- 1883 I went below, and did what I could for my wound; it pained me a good deal, and still bled freely; but it was neither deep nor dangerous, nor did it greatly me when I used my arm. " w:Robert Louis Stevenson, Robert Louis Stevenson, ''w:Treasure Island, Treasure Island, http://etext.virginia.edu/etcbin/ot2www-pubeng?specfile=/texts/english/modeng/publicsearch/modengpub.o2w&act=surround&offset=595860674&tag=Stevenson,+Robert+Louis,+1850-1894:+Treasure+Island,+1883&query=+gall&id=SteTrea Chapter 27.
- To harass, to harry, often with the intent to cause injury.
- June 24, 1778 The disposition for these detachments is as follows -- Morgans corps, to gain the enemy's right flank; Maxwells brigade to hang on their left. Brigadier Genl. Scott is now marching with a very respectable detachment destined to the enemys left flank and rear. " George Washington, The Writings of George Washington From the Original Manuscript Sources: http://etext.virginia.edu/etcbin/ot2www-pubeng?specfile=/texts/english/modeng/publicsearch/modengpub.o2w&act=surround&offset=675205858&tag=Washington,+George,+1732-1799:+The+writings+of+George+Washington+from+the+original+manuscript+sources:+Volume+12,+1745-1799&query=+gall&id=WasFi12 Volume 12, 1745-1799.
- To chafe, to rub or subject to friction; to create a sore on the skin.
- To exasperate.
- 1979 Metrinko was hungry, but he was galled by how self-congratulatory his captors seemed, how generous and noble and proudly Islamic. " Mark Bowden, "Captivity Pageant", The Atlantic, Volume 296, No. 5, pp. 92-97, http://www.theatlantic.com/doc/200512/december-1979/4 December, 1979.
- To cause pitting on a surface being cut from the friction between the two surfaces exceeding the bond of the material at a point.
- Improper cooling and a dull milling blade on titanium can the surface
noun (plural: gathers)
- A plait or fold in cloth, made by drawing a thread through it; a pucker.
- The inclination forward of the axle journals to keep the wheels from working outward.
- The soffit or under surface of the masonry required in gathering. See Gather, v. t., 7.
- To bring together; to collect, as a number of separate things, into one place, or into one aggregate body; to assemble; to muster; to congregate.
- To pick out and bring together from among what is of less value; to collect, as a harvest; to harvest; to cull; to pick off; to pluck.
- To accumulate by collecting and saving little by little; to amass; to gain; to heap up.
- To bring closely together the parts or particles of; to contract; to compress; to bring together in folds or plaits, as a garment; also, to draw together, as a piece of cloth by a thread; to pucker; to plait; as, to gather a ruffle.
- To derive, or deduce, as an inference; to collect, as a conclusion, from circumstances that suggest, or arguments that prove; to infer; to conclude.
- I you mean I'm ignorant rather than stupid.
- To gain; to win.
- To bring together, or nearer together, in masonry, as where the width of a fireplace is rapidly diminished to the width of the flue, or the like.
- To haul in; to take up; as, to gather the slack of a rope.
- To come together; to collect; to unite; to become assembled; to congregate.
- To grow larger by accretion; to increase.
- To concentrate; to come to a head, as a sore, and generate pus; as, a boil has gathered.
- To collect or bring things together.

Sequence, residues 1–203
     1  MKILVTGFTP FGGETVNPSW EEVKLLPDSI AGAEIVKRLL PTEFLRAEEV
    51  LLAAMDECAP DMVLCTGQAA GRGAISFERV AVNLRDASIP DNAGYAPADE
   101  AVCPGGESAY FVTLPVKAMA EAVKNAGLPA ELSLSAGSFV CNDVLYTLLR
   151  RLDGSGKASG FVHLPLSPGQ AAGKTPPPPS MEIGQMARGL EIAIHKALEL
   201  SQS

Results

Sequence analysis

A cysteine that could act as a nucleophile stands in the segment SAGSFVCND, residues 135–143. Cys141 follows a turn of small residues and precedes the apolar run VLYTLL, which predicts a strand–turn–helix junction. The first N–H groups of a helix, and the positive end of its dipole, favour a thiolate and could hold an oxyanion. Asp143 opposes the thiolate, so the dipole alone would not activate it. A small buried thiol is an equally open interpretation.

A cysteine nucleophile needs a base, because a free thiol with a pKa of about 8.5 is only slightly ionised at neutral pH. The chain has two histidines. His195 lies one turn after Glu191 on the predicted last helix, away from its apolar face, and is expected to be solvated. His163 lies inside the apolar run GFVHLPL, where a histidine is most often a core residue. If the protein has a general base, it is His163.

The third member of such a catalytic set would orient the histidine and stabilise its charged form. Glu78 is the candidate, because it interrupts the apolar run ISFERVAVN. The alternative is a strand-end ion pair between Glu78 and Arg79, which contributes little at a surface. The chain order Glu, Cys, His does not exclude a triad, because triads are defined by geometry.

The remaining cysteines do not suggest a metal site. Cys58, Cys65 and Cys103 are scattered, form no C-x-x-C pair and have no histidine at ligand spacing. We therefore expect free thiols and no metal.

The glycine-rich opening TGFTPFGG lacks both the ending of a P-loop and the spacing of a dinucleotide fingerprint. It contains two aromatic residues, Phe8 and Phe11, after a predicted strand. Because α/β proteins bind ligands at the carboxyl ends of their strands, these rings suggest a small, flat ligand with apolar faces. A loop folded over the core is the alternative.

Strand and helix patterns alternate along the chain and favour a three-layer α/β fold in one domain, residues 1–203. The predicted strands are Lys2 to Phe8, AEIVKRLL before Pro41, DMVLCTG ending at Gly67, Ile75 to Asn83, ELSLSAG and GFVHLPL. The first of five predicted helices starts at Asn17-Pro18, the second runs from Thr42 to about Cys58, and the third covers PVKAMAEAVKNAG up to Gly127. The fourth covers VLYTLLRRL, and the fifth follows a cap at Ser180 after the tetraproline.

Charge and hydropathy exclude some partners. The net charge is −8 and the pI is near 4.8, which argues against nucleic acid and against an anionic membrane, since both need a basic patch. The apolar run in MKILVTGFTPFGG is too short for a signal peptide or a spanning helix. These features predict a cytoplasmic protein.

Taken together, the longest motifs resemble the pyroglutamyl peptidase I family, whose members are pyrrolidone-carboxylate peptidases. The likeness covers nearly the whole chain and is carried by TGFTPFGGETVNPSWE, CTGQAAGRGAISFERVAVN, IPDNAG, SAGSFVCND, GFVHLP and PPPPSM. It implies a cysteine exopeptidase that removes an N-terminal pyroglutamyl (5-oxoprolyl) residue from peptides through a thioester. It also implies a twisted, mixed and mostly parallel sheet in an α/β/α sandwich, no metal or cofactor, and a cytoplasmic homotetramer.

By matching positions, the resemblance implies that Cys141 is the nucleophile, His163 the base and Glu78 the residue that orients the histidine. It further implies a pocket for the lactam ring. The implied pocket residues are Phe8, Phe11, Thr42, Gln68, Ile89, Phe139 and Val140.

- (obsolete) The spirit; the soul of man.
- Then gives her grieved thus to lament. — Spenser
- The disembodied soul; the soul or spirit of a deceased person; a spirit appearing after death; an apparition; a specter.
- The mighty ghosts of our great Harrys rose. — Shakespeare.
- I thought that I had died in sleep/And was a blessed . — Coleridge
- Any faint shadowy semblance; an unsubstantial image; a phantom; a glimmering.
- not a of a chance
- the of an idea
- Each separate dying ember wrought its upon the floor. — Poe
- A false image formed in a telescope, camera, or other optical device by reflection from the surfaces of one or more lenses.
- An unwanted image similar to and overlapping or adjacent to the main one on a television screen, caused by the transmitted image being received both directly and via reflection.
- A ghostwriter.
- (uncountable) The art of applying gold leaf to a surface
- (uncountable) Gold leaf
- (countable) A coating of gold etc
- (present participle of, gild)
verb (glides, gliding, glid, glid or glidden)
(glides, gliding, glided or (archaic) glode, glided or (archaic) glode)
- The act of gliding.
- (linguistics) semivowel, Semivowel
- (fencing) An attack or preparatory movement made by sliding down the opponent"s blade, keeping it in constant contact.
- (intransitive) To move softly, smoothly, or effortlessly.
- (intransitive) To fly unpowered, as of an aircraft.
- (transitive) To cause to glide.
- (uncountable) The harvested seeds of various grass-related food crops eg: wheat, corn, barley.
- We stored a thousand tons of for the winter.
- (countable) A single seed of grain.
- a of wheat
- (context, countable, uncountable) The crops from which grain is harvested.
- The fields were planted with .
- (uncountable) A linear texture of a material or surface.
- Cut along the of the wood.
- (countable) A single particle of a substance.
- a of sand
- a of salt
- (uncountable) A very small unit of weight, in England equal to 1/480 of an ounce troy, 0.0648 grams or, to be more exact, 64.79891 milligrams. A carat grain or pearl grain is 1/4 carat or 50 milligrams. The old French grain was 1/9216 livre or 53.11 milligrams, and in the mesures usuelles permitted from 1812 to 1839, with the livre redefined as 500 grams, it was 54.25 milligrams.
- (materials) a region within a material having a single crystal structure or direction
- (curling) A rubber or other material attached to a curling shoe to improve traction on the ice
- an alcoholic beverage made with rum and water, especially that once issued to sailors of the Royal Navy
- Any alcoholic beverage
- A type of pre-fired clay that has been ground and screened to a specific particle size, also called firesand
- an alloy of 88% copper, 10% tin and 2% zinc, originally used for making guns
- a dark grey colour